Port Delay Angers Lüderitz Mayor

THE mayor of Luumlderitz, Susan Ndjaleka, has launched an unprecedented attack on Namport for allegedly delaying port expansion plans, which are considered beneficial for the economic and infrastructure development of the southern coastal town.

Ndjaleka blamed alleged lack of participation and commitment by the Namport board for the expansion delays.

“Vested with the obligation of developing ports for the current and future developments, it is therefore, critically important that the board of Namport takes up this matter and avoid further delays. It is about time that plans for the second port development materialised,” Ndjaleka wrote in an open letter to The Namibian.

According to a feasibility study completed in 2011, of which The Namibian has seen a copy, the expansion plans were summarised as follow:

Phase1: Existing port without rail connectivity (Year 2010 to 2014). Maximise existing infrastructure with existing transportation links, provide container facilities in form of cold storage expanded containerreefer storage and handling as well as a container freight station accommodate short term solution for export of bagged manganese estimated at a throughput of up to 60 000 MTPA and maintain support to the current core industries, including zinc export, fishing industry and diamond mining operations.

Phase 2: Existing port with light rail linkage (Year 2014 to 2020)

The main differentiator and enabler for this phase is the commissioning of the existing light railway that is yet to be completed. The railway should also be extend to the new proposed alignment behind the port.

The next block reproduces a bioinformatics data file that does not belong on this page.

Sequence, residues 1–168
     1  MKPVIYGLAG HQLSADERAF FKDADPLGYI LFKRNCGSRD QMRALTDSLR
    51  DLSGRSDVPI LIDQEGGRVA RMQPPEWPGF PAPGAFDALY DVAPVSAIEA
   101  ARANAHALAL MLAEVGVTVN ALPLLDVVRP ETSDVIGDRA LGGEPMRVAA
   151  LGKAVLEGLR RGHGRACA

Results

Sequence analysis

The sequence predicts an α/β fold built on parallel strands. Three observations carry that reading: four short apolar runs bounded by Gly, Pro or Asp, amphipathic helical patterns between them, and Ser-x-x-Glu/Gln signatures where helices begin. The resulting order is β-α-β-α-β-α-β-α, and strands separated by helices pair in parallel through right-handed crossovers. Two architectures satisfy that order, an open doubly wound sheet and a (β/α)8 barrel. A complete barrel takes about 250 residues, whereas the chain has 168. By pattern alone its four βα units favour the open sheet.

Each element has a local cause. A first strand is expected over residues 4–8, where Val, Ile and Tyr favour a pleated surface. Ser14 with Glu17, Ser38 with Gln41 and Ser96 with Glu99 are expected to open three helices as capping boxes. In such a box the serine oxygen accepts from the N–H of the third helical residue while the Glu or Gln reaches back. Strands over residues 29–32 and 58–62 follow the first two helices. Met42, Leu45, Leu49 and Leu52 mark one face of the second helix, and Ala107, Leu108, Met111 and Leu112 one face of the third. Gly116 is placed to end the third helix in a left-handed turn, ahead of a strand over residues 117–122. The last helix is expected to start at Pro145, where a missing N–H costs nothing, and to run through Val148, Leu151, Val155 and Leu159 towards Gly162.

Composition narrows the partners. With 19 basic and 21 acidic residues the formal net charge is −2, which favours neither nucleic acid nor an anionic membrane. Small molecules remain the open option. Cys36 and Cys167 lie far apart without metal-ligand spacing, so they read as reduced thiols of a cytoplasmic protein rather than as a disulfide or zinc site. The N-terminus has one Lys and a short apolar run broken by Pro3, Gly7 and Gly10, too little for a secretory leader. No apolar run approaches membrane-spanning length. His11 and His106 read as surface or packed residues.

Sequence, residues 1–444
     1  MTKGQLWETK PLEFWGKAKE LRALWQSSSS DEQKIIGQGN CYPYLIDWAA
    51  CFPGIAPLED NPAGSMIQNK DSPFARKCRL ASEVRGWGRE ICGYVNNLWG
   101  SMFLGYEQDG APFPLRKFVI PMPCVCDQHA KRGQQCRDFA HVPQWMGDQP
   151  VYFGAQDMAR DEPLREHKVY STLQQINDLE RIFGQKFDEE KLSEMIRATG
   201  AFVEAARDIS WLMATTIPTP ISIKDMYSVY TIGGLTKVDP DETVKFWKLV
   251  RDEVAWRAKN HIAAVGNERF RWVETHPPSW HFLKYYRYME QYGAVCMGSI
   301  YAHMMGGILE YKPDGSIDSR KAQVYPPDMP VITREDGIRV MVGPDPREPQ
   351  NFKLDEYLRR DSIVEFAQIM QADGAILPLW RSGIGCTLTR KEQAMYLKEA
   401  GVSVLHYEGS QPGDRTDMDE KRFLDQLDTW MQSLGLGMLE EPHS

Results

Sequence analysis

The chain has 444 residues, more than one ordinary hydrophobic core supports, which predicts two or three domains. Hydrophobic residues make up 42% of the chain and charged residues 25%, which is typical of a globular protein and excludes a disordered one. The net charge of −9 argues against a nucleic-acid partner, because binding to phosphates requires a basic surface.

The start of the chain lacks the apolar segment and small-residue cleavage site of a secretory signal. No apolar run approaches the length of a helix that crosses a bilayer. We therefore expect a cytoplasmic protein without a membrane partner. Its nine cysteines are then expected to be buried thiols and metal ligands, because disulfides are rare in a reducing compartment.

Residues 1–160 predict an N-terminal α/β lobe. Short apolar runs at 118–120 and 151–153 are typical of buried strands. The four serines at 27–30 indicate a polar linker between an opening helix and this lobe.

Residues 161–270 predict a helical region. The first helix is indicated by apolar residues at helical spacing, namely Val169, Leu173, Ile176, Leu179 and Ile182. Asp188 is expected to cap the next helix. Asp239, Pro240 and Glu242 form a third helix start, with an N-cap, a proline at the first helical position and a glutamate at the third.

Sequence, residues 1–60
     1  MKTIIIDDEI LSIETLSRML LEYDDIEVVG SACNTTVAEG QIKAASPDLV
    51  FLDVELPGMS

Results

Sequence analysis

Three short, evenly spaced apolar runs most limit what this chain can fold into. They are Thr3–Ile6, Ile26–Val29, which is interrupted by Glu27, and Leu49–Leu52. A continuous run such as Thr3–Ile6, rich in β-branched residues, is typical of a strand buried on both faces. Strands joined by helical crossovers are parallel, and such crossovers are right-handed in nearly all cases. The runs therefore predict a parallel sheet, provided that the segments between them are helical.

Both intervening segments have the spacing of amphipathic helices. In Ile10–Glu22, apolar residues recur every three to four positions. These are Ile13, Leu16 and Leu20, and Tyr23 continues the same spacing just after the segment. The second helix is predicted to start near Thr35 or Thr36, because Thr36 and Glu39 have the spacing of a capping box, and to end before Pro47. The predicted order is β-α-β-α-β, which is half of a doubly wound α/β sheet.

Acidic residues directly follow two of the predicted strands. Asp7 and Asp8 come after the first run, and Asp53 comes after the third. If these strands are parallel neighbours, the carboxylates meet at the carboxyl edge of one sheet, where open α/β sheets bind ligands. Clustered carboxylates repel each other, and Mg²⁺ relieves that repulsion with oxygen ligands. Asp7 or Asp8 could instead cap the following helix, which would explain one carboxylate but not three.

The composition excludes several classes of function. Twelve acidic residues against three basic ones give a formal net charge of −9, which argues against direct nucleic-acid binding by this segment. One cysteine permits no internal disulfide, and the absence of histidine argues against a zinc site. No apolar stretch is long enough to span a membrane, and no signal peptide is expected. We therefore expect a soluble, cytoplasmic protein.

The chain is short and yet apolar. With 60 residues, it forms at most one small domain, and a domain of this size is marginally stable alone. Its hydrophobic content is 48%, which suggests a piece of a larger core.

Phase 3: new bulk solid handling facilities with heavy haul rail linkage (Year 2020 onwards)

This phase is defined by the development of a new deepwater port at Angra point, which will be fed by a future heavy haul rail corridor from the Northern Cape (SA) producers. The new port makes provision for the development of large dry bulk terminals that include iron ore and manganese for the purpose of this study. However, the layouts developed are taking cognisance of the possibility of future commodities that could also be located at the new port, e.g a large coal terminal.

Ndjaleka also said that due to the high port rates, the survival of fishing companies, which happen to be the main employment creators at the town, “comes at the cost of an arm and a leg”.

At the time of going to the press, Luumlderitz Namport manager Max Witbooi failed to respond to questions on allegations that Namport is delaying the port expansion plans, which were emailed to him last Wednesday.

Source : The Namibian